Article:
In a flyweight bout Gilbert Mendoza (5-4) of Modesto handed undefeated Francisco Lapizco (7-1, 2 Kos) his first loss by out-boxing the heavy-handed counter-puncher over six rounds. Mendoza figured out Lapizco’s style quickly and stayed out of range of the counter left hooks. The fighter from Sonora, Mexico never could mount an attack and lost because of it.

LaRon Mitchell (6-0, 6 Kos) withstood a heavy body attack from Arizona’s Chad Davis (5-13) in the first round of their heavyweight bout to mount his own body attack. By round three, Mitchell was connecting flush and floored Davis with a left to the liver. In the fourth round Mitchell finished the job with another left to the body. The fight was stopped at 44 seconds into round four by referee Raul Caiz Jr.

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2015 Fight of the Year – Francisco Vargas vs Takashi Miura

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The WBC World Super Featherweight title bout between Francisco Vargas and Takashi Miura came on one of the biggest boxing stages of 2015, as the bout served as the HBO pay-per-view’s co-main event on November 21st, in support of Miguel Cotto vs Saul Alvarez.

Miura entered the fight with a (29-2-2) record and he was making the fifth defense of his world title, while Vargas entered the fight with an undefeated mark of (22-0-1) in what was his first world title fight. Both men had a reputation for all-out fighting, with Miura especially earning high praise for his title defense in Mexico where he defeated Sergio Thompson in a fiercely contested battle.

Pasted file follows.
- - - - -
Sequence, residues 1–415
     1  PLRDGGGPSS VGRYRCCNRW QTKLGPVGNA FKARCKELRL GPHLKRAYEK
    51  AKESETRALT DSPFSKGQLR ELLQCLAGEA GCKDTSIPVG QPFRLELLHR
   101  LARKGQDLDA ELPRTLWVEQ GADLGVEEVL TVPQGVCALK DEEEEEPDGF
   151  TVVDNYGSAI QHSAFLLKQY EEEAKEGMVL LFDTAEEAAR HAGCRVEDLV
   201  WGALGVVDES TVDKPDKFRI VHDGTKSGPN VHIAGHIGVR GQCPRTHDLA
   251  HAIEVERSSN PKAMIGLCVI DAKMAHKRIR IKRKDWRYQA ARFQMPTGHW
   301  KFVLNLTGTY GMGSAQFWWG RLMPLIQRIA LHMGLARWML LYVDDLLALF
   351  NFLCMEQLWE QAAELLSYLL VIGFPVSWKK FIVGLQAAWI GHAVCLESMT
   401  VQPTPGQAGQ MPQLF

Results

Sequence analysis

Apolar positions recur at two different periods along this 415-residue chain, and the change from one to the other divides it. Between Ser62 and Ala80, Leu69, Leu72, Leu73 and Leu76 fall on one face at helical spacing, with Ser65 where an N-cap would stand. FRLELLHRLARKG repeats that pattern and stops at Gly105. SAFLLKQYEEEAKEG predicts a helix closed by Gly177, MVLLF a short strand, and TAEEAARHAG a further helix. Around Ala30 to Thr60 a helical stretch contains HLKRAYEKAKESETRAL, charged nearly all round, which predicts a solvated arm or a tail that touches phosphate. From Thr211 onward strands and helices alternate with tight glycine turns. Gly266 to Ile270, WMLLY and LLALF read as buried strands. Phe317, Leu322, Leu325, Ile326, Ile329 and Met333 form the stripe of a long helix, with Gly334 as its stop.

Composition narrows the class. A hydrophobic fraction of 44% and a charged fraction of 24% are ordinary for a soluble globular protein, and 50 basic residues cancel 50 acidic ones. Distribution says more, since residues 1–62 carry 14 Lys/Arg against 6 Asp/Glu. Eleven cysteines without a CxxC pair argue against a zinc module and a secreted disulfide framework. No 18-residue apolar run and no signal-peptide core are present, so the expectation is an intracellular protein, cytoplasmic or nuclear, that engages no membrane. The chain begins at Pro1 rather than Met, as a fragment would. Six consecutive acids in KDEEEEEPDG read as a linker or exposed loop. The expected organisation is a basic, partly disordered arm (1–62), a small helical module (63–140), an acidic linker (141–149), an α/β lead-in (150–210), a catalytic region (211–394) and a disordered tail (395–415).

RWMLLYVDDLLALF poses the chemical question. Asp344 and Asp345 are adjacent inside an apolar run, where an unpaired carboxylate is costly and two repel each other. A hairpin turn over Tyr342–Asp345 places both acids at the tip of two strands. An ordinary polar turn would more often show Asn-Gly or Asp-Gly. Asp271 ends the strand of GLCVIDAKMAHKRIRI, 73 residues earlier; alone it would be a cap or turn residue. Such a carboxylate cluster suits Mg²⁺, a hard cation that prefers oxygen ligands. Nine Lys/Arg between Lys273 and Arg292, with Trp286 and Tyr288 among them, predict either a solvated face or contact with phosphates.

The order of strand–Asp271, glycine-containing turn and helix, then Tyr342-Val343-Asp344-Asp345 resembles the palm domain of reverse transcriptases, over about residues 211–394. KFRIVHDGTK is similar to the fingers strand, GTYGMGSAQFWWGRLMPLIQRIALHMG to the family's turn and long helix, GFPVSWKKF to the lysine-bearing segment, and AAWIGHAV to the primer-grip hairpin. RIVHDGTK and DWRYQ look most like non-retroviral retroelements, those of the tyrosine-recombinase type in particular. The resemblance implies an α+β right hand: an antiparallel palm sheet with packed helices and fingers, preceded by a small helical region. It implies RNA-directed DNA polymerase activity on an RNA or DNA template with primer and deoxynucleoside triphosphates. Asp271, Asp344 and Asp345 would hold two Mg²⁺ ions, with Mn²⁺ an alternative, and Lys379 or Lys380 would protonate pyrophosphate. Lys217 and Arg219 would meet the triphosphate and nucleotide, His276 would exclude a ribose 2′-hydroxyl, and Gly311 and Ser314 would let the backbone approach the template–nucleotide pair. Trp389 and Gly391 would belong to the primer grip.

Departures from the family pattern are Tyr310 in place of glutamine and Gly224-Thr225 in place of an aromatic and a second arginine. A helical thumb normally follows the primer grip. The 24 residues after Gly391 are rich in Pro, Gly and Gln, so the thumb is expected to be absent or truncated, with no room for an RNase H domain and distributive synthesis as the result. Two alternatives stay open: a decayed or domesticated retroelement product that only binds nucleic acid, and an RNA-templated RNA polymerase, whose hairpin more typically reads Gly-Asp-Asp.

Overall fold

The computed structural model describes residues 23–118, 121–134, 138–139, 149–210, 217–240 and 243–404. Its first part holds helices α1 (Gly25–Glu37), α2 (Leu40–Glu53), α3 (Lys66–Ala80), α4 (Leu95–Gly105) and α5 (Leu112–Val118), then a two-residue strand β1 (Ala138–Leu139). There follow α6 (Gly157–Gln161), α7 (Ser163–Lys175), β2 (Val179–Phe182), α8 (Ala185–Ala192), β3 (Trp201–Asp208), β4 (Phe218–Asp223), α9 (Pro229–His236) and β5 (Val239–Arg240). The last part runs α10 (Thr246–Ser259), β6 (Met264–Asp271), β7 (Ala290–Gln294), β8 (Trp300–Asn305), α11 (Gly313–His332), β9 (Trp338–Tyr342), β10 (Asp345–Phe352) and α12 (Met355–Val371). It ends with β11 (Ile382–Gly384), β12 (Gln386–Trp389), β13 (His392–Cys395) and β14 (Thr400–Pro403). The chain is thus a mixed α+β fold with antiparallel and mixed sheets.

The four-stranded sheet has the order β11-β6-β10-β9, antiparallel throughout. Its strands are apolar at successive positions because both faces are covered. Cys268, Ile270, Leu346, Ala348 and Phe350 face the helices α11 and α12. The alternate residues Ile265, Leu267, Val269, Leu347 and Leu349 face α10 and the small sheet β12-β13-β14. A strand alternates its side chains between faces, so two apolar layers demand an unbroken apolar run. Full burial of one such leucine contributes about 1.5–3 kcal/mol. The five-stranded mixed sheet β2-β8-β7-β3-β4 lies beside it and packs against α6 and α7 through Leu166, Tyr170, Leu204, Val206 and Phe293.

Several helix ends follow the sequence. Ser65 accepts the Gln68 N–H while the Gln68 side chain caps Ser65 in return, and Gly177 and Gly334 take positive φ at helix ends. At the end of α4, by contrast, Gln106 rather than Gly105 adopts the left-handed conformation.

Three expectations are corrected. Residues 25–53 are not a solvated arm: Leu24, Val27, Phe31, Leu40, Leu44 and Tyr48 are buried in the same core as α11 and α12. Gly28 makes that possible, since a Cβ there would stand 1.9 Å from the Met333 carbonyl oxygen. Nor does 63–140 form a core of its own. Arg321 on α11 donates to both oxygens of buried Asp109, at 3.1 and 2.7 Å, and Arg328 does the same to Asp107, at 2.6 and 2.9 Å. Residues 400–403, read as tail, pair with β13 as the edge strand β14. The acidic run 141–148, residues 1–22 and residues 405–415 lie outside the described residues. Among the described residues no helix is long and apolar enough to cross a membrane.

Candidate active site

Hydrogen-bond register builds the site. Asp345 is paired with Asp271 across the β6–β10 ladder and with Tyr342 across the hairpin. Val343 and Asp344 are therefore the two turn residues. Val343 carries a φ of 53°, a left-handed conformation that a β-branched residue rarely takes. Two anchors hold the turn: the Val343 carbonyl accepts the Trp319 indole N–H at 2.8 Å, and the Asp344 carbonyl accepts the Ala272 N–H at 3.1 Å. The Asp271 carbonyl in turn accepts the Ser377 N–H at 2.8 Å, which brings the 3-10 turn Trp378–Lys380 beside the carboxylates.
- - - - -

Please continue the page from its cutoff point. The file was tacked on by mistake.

The fight started out hotly contested, and the intensity never let up. Vargas seemed to win the first two rounds, but by the fourth round, Miura seemed to pull ahead, scoring a knock-down and fighting with a lot of confidence. After brawling the first four rounds, Miura appeared to settle into a more technical approach. Rounds 5 and 6 saw the pendulum swing back towards Vargas, as he withstood Miura’s rush to open the fifth round and the sixth round saw both men exchanging hard punches.

The big swinging continued, and though Vargas likely edged Miura in rounds 5 and 6, Vargas’ face was cut in at least two spots and Miura started to assert himself again in rounds 7 and 8. Miura was beginning to grow in confidence while it appeared that Vargas was beginning to slow down, and Miura appeared to hurt Vargas at the end of the 8th round.

Vargas turned the tide again at the start of the ninth round, scoring a knock down with an uppercut and a straight right hand that took Miura’s legs and sent him to the canvas. Purely on instinct, Miura got back up and continued to fight, but Vargas was landing frequently and with force. Referee Tony Weeks stepped in to stop the fight at the halfway point of round 9 as Miura was sustaining a barrage of punches.

Miura still had a minute and a half to survive if he was going to get out of the round, and it was clear that he was not going to stop fighting.

A back and forth battle of wills between two world championship level fighters, Takashi Miura versus “El Bandido” Vargas wins the 2015 Fight of the Year.

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Jan 9 in Germany – Feigenbutz and De Carolis To Settle Score

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This coming Saturday, January 9th, the stage is set at the Baden Arena in Offenburg, Germany for a re-match between Vincent Feigenbutz and Giovanni De Carolis. The highly anticipated re-match is set to air on SAT.1 in Germany, and Feigenbutz will once again be defending his GBU and interim WBA World titles at Super Middleweight.